Margaux Steyaert MRes.

University of Oxford


As part of my PhD thesis I investigated the diversity and drivers of coral reef cryptofauna communities in the Indian Ocean Region.

Much of the diversity found on tropical reefs is composed of small cryptic invertebrate organisms that live in or on the coral matrix, these include mobile species such as crabs and shrimps, as well as sessile fauna including sponges, algae and soft corals. However, little is known about these organisms as they are often understudied in comparison to more conspicuous groups on the reef like fish and hard corals. These organisms are vital for the functioning of healthy reefs but are difficult to study as they are often encrusted, burrowed and hidden within hard corals, meaning sampling them directly from their natural habitat can be destructive. This is why I used Artificial Reef Monitoring Structures (ARMS); these highly standardised artificial devices provide a range of microhabitats for cryptofauna to recruit onto. These enabled me to sample these communities in a standardised and replicable manner without harming the reef structure. Along with ARMS, I also used genetic tools and photography to analyse the diversity of cryptic invertebrate communities.

Ultimately, my work described the baseline diversity of these understudied communities in the Chagos Archipelago as well as investigate how these are shaped by fluxes in local environmental conditions and sedimentation. In addition, I am also interested in examining how microbial communities interact with invertebrate communities and how we may include these two communities into coral reef biomonitoring programs.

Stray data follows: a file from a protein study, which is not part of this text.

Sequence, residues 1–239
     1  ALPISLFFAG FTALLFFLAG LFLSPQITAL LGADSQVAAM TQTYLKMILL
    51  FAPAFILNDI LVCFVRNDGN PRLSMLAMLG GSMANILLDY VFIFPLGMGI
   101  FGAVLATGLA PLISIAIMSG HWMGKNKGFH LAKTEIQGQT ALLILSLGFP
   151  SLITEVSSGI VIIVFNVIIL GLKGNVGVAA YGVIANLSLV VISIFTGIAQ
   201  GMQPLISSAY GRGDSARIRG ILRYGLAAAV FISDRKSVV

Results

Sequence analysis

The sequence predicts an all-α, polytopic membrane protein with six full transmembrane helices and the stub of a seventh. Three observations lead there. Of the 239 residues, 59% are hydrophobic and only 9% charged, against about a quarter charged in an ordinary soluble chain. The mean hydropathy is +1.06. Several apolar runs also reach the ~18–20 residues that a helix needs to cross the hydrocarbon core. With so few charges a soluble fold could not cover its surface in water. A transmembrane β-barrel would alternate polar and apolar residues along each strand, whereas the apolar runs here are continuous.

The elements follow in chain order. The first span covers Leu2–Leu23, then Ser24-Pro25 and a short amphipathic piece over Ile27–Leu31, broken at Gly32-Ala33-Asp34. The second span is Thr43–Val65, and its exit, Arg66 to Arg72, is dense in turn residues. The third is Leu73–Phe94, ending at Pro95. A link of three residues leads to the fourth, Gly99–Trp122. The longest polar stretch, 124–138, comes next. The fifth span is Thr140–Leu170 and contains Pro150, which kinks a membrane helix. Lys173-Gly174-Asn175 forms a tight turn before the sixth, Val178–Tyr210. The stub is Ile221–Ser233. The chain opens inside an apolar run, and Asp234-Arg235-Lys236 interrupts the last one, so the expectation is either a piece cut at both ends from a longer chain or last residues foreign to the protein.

Cryptic invertebrates form the largest part of coral reef diversity but many of them remain to be identified, catalogued and studied; the more we can learn about these communities, the better we can understand how reefs function as a whole.

Margaux Steyaert


2018 Present
PH.D. student, University of Oxford and the Institute of Zoology (ZSL)
2016 2017
MRes. in Ecology, Evolution and Conservation, Imperial College London
2013 2016
BSc. in Zoology, Imperial College London

My Project

  • Island Reef Connections
    The Conservation Value of Coral Reef Biodiversity for the MPA surrounding the Chagos Archipelago

Other interests

I am also interested in how genetic tools can be incorporated into marine biomonitoring, how we can refine existing methods and incorporate new ones to survey coral reef health and functioning in a more holistic and community-based approach.

My Publications